Table Topic questions are meant to stimulate family and classroom discussion.
Use the questions below after reading,"Strike! Labor unites for rights."
- World War I was good for Seattle's economy. But the post-war economy posed a challenge,
with surplus workers and scaled-back production. How do you think Northwest industries might
have adapted to peacetime? In a scarce, competitive economy, should some people have hiring
priority over others for the social good? How would you feel about giving up your job to a returning
serviceman? The issue of fair hiring practices is a recurring one, with controversy over
discrimination on one hand and affirmative action on the other. What do you think is a good
policy for the contemporary workplace?
- Government tried to solve the problem of scarcity by lowering wage scales
across the board. Why did the government have the power to do this, and do you think
it should? When shipyard workers struck in protest, many other unions walked out in
support and much of the city shut down. Do union workers today support each other with
the same solidarity? If all union workers in the Puget Sound walked off the job,
could you go to school or ride the bus? Read a newspaper, watch television or talk
on the phone? Have your garbage collected or your meter read?
- Look in the newspaper for labor or union news. What is the function of a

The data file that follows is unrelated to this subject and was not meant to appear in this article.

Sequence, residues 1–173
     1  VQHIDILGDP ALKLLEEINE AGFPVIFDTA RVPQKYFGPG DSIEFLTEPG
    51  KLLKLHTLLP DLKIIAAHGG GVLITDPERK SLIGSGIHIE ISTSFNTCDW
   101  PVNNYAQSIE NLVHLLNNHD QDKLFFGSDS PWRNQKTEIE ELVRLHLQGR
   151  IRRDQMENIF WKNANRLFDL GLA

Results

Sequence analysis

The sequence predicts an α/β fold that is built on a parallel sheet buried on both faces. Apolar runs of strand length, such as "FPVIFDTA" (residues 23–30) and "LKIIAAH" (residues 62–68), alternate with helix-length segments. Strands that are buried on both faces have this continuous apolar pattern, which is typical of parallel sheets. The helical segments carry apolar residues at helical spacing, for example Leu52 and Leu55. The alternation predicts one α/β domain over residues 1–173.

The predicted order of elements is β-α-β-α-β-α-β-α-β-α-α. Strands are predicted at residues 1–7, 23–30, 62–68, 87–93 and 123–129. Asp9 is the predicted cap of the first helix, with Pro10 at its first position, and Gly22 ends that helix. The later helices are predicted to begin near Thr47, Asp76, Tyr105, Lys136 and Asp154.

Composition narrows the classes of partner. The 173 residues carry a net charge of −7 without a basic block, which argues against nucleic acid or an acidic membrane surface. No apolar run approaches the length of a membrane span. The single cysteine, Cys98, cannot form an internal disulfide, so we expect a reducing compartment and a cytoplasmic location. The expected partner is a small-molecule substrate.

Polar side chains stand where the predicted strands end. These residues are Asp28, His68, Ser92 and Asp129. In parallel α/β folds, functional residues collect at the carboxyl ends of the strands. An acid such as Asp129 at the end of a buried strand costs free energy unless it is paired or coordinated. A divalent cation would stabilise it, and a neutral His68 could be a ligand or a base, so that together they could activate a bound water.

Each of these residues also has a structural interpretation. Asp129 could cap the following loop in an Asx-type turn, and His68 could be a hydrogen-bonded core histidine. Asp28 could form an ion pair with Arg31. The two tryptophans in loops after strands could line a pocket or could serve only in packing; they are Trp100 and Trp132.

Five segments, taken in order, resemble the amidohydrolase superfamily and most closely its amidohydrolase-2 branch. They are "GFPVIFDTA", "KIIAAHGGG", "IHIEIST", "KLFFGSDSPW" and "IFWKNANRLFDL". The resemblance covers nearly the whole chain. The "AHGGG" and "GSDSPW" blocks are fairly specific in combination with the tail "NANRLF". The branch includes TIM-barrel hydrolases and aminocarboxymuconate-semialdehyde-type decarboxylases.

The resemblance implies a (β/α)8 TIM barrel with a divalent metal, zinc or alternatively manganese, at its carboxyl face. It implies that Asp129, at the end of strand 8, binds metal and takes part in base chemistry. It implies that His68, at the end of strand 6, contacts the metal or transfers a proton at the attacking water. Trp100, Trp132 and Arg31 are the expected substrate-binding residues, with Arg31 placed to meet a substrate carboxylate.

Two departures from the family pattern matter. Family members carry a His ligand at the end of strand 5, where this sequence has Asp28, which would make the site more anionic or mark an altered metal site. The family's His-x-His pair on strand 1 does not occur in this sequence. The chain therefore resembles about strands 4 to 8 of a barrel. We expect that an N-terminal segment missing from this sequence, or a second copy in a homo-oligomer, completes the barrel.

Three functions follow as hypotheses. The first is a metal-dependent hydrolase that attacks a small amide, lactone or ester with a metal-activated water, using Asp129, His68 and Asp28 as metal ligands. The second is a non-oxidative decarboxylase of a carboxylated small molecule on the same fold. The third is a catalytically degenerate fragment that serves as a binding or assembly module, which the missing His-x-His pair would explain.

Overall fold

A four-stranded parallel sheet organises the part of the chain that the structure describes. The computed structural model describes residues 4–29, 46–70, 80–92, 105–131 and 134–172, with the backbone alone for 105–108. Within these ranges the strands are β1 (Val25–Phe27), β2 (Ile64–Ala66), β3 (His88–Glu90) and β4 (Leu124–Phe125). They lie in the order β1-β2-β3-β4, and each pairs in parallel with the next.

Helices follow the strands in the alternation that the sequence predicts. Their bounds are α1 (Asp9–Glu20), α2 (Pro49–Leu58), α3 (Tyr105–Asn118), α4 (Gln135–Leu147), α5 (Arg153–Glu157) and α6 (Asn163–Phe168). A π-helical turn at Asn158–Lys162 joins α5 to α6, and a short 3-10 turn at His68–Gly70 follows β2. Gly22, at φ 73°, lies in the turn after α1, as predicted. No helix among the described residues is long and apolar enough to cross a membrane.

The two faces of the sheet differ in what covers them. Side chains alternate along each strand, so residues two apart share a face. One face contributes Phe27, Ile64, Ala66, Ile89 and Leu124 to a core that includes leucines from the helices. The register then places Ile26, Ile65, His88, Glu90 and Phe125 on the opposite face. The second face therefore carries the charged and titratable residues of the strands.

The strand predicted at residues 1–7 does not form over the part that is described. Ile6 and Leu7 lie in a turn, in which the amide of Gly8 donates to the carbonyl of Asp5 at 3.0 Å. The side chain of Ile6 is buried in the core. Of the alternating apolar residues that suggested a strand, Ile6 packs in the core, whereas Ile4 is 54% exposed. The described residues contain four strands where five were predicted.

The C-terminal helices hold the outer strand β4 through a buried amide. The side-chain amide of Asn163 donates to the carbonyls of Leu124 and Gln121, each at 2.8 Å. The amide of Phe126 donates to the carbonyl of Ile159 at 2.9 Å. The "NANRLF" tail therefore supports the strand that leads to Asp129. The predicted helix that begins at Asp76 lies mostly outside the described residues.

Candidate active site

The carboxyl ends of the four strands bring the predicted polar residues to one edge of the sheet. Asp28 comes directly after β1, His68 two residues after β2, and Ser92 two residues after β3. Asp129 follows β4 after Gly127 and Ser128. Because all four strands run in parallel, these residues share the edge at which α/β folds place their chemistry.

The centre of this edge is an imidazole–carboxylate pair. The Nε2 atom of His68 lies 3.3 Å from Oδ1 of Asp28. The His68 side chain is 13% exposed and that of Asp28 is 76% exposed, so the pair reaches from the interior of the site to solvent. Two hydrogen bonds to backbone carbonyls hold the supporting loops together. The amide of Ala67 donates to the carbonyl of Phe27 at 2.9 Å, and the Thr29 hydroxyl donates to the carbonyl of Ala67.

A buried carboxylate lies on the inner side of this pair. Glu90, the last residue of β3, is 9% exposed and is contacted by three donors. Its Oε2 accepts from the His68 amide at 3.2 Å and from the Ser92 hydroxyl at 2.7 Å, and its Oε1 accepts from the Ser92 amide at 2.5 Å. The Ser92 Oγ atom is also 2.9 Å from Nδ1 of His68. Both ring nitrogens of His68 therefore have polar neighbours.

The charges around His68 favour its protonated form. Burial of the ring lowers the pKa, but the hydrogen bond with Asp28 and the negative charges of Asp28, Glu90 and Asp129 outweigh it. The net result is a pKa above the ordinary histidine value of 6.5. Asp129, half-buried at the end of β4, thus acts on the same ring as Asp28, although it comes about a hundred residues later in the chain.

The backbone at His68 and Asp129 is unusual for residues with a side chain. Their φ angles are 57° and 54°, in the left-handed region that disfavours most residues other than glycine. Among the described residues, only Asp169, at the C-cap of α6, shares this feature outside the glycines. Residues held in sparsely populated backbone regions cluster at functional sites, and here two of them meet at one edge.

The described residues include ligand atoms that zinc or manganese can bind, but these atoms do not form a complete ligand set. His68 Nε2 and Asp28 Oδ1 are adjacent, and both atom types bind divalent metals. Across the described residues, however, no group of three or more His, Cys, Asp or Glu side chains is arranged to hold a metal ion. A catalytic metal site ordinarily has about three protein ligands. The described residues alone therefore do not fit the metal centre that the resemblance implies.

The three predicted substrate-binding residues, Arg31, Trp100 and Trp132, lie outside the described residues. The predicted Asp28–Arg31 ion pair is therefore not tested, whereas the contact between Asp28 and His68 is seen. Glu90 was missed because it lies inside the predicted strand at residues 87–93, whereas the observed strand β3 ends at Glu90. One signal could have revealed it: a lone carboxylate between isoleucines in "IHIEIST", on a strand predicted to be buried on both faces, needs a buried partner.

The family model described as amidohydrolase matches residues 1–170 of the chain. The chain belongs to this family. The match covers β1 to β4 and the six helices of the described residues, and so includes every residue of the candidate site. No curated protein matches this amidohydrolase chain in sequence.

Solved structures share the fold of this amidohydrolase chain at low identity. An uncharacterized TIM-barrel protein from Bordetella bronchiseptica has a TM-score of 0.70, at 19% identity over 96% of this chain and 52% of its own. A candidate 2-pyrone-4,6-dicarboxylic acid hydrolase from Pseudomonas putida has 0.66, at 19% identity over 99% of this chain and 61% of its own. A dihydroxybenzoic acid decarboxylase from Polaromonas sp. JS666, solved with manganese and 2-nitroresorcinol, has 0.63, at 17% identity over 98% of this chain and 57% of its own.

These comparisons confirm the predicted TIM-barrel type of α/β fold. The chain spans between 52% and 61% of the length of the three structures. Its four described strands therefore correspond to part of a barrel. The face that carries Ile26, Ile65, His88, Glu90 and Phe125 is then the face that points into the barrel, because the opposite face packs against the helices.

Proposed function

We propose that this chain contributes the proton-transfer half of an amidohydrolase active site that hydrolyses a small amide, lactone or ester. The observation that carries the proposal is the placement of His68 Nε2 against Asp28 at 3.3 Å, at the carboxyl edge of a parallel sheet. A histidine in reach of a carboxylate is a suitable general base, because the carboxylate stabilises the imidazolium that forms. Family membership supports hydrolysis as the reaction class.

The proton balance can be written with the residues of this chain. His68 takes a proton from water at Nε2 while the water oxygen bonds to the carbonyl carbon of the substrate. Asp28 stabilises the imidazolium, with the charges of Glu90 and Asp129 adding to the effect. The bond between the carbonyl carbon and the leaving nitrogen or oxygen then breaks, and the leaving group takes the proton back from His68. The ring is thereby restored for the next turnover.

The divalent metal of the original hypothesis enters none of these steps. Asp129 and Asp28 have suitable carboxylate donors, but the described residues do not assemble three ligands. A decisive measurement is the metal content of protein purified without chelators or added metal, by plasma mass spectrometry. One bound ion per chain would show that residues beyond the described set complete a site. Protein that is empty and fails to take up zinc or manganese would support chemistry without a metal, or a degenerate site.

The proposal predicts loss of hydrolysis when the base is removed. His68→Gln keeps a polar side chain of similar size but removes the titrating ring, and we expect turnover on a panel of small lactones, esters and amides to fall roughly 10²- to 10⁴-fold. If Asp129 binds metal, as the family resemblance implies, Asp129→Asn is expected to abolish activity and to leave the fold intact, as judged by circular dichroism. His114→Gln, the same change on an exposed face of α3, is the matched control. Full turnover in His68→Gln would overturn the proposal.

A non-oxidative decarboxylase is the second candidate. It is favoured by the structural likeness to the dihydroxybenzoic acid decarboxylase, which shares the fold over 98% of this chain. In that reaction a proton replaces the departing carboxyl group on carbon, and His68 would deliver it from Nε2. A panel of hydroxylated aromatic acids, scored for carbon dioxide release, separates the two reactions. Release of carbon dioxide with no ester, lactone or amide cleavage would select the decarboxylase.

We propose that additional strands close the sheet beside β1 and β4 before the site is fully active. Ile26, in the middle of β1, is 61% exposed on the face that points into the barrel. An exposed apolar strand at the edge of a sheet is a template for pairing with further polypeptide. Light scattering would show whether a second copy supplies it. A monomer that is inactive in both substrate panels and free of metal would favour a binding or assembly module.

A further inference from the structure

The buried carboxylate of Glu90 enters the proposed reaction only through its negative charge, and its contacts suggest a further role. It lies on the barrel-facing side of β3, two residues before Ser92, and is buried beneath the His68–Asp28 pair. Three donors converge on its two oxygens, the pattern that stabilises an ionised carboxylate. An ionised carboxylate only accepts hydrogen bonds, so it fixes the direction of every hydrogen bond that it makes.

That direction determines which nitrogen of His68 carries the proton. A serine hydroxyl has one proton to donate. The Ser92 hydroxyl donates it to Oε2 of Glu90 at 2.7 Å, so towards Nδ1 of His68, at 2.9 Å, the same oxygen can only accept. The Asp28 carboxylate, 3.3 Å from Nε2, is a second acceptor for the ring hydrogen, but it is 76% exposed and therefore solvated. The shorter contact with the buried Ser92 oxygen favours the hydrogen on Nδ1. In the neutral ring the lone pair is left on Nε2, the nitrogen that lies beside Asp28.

modern union and has it changed over the years? The strike of 1919 began with
hope but ended with bitterness and few gains. Think of recent strikes by teachers or
Boeing workers. Did they have a personal effect on your life? Did any personal inconveniences
influence your feelings about the issues or workers? Were the strikes an effective strategy
in achieving the worker's objectives?
- Seattle's general strike was the first ever in the United States.
The Union-Record newspaper and radical activist Anne Louise Strong rallied
workers with the cry "No One Knows Where." Why do you think Seattle had such a strong union
presence and sympathies? Was it simply economics or did our history and regional "character"
have something to do with it? Is the Northwest still strong in union sympathies?
- Union activism attracted opposition, some of it quite reactionary, like the formation of
a city machine-gun unit to keep the peace. What was the city afraid of? Think about other
periods of social unrest in our history. Do they always trigger retaliatory measures? What's at stake
for a society during times of protest and uncertainty? This era saw the rise of the Bolshevik Revolution
in Russia and our own era has witnessed the fall. Is there still a fear of radicalism and socialism
in our country?
Copyright © 1996 The Seattle Times Company